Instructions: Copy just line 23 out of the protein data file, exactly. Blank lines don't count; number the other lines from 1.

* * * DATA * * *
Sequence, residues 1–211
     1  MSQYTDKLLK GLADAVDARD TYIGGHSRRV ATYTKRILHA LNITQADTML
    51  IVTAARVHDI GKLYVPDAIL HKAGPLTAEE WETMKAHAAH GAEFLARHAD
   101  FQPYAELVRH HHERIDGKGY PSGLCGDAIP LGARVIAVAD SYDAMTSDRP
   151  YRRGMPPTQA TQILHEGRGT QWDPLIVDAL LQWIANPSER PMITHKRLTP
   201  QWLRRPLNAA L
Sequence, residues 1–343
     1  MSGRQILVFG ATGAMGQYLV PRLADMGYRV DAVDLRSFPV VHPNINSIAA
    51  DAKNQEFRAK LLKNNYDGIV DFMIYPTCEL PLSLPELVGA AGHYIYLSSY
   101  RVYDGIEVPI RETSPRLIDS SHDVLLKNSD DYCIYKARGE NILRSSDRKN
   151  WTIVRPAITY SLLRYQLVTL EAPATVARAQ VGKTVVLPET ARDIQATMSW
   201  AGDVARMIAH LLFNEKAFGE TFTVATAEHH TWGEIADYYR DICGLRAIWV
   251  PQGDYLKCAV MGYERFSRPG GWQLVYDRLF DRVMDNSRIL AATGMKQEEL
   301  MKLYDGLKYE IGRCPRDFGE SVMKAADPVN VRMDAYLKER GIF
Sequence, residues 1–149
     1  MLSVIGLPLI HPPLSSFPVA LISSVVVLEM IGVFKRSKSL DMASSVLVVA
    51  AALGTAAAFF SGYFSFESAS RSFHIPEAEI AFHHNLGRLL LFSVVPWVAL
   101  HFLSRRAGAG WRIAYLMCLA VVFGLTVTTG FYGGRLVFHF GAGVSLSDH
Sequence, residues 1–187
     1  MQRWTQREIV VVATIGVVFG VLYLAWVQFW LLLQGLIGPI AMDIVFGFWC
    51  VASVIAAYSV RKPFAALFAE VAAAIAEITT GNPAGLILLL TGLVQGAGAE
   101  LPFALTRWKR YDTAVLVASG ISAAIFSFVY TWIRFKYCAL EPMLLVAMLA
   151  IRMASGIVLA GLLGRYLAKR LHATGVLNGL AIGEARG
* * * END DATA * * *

   151  IRMASGIVLA GLLGRYLAKR LHATGVLNGL AIGEARG